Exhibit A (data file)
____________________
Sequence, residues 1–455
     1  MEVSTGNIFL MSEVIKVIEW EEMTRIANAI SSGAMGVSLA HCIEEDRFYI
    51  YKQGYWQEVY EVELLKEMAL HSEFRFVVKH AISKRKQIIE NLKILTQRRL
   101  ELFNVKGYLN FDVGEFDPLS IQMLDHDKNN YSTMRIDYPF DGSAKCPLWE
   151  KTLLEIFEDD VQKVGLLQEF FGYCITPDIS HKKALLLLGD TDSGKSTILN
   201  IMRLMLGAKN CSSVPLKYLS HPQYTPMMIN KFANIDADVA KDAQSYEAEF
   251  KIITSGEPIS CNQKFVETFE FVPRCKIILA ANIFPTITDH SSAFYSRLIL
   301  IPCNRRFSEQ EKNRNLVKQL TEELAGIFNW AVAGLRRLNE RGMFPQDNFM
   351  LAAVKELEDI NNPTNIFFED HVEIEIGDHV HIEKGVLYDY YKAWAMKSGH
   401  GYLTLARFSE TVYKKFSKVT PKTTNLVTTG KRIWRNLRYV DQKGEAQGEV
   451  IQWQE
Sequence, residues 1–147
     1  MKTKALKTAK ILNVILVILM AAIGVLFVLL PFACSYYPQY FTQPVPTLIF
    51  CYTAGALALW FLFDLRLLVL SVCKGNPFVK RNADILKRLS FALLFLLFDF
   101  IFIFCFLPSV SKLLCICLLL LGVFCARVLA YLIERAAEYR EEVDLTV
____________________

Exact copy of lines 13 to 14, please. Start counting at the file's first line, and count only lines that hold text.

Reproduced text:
     1  MKTKALKTAK ILNVILVILM AAIGVLFVLL PFACSYYPQY FTQPVPTLIF
    51  CYTAGALALW FLFDLRLLVL SVCKGNPFVK RNADILKRLS FALLFLLFDF